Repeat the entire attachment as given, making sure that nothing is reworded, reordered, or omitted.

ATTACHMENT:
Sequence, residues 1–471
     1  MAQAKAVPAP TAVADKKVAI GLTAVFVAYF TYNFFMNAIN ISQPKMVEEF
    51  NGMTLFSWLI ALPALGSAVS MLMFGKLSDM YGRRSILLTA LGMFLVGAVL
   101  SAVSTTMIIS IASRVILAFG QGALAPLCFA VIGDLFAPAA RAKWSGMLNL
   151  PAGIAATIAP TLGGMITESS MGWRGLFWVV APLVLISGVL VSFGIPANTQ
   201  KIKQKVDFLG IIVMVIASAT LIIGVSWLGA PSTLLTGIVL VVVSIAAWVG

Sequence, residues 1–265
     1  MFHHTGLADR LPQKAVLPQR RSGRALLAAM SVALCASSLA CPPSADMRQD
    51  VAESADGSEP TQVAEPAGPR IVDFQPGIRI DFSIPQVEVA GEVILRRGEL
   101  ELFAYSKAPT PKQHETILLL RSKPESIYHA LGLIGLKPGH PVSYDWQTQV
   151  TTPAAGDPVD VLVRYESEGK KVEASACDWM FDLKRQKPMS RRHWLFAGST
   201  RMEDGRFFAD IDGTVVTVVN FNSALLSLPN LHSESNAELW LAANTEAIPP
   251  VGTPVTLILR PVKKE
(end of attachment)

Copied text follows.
Sequence, residues 1–471
     1  MAQAKAVPAP TAVADKKVAI GLTAVFVAYF TYNFFMNAIN ISQPKMVEEF
    51  NGMTLFSWLI ALPALGSAVS MLMFGKLSDM YGRRSILLTA LGMFLVGAVL
   101  SAVSTTMIIS IASRVILAFG QGALAPLCFA VIGDLFAPAA RAKWSGMLNL
   151  PAGIAATIAP TLGGMITESS MGWRGLFWVV APLVLISGVL VSFGIPANTQ
   201  KIKQKVDFLG IIVMVIASAT LIIGVSWLGA PSTLLTGIVL VVVSIAAWVG

Sequence, residues 1–265
     1  MFHHTGLADR LPQKAVLPQR RSGRALLAAM SVALCASSLA CPPSADMRQD
    51  VAESADGSEP TQVAEPAGPR IVDFQPGIRI DFSIPQVEVA GEVILRRGEL
   101  ELFAYSKAPT PKQHETILLL RSKPESIYHA LGLIGLKPGH PVSYDWQTQV
   151  TTPAAGDPVD VLVRYESEGK KVEASACDWM FDLKRQKPMS RRHWLFAGST
   201  RMEDGRFFAD IDGTVVTVVN FNSALLSLPN LHSESNAELW LAANTEAIPP
   251  VGTPVTLILR PVKKE